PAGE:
Collaborative Composing in the Digital Dimension: An Investigation of Young Adolescents’ Multimodal Processes and Products
Jocius, Robin K.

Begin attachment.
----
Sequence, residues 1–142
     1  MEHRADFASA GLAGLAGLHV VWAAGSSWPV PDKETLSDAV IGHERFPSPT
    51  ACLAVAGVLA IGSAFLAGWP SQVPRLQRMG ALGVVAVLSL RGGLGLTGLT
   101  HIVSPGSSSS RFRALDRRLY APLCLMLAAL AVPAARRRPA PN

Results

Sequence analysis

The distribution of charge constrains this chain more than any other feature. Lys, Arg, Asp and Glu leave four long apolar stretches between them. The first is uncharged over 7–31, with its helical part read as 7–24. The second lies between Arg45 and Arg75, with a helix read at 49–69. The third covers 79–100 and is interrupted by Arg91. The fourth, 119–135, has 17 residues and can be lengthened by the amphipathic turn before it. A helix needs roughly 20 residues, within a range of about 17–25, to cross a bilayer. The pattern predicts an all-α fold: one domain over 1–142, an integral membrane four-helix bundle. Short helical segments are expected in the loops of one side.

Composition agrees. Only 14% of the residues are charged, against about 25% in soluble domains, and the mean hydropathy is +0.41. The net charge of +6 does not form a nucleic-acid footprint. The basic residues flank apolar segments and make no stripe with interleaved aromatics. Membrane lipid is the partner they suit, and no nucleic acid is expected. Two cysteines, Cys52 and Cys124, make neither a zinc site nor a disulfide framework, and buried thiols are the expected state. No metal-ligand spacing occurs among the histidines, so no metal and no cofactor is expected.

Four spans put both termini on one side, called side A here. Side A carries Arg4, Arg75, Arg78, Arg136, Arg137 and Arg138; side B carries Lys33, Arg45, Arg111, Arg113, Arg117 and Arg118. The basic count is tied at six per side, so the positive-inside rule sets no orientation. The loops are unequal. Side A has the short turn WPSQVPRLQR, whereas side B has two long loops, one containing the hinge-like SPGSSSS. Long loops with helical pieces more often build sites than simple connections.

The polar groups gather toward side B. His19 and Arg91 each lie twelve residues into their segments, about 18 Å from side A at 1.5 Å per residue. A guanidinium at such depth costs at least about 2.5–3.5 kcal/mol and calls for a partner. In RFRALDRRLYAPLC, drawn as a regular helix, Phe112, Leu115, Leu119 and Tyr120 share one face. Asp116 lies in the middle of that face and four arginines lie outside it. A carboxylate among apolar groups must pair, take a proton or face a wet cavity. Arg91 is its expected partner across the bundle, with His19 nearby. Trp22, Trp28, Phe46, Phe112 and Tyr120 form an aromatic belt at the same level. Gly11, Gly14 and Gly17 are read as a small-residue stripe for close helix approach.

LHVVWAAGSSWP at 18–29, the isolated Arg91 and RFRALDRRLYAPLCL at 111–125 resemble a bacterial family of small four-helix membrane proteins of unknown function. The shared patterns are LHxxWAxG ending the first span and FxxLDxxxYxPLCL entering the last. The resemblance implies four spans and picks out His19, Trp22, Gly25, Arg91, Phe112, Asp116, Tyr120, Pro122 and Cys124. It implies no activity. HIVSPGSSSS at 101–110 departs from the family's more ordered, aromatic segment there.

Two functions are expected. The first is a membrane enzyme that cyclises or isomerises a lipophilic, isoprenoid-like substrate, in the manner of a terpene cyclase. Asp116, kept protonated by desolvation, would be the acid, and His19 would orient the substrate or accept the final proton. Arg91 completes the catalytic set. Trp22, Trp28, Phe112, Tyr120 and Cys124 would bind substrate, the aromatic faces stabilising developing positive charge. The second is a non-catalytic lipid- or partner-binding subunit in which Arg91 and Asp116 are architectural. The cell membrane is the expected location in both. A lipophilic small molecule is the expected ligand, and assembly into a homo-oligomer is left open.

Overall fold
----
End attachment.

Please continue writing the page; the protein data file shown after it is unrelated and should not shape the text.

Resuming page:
An emerging body of research has demonstrated that multimodal composing is a complicated and multifaceted process which involves the coordination of semiotic, material, and interactional resources. This qualitative study explores how young adolescent students enrolled in an academic enrichment program used digital tools to respond to and analyze literary texts. Data sources included video and audio recordings of classroom interactions, students’ multimodal compositions, artifacts from the composing process, screen recordings, in-process and final student interviews, surveys, and instructional artifacts. Findings show that students navigated different composing identities, composing pathways, and moments of creative tension as they composed multimodal products. Through the in-depth analysis of students’ individual and collaborative processes and products, this study traces the material, personal, and interactional resources that students bring to collaborative composing—and presents a description of how students take on a variety of interactional roles in the creation of their joint work. This research also documents the pedagogical structures and conditions which may support and hinder students’ collaborative, multimodal composing.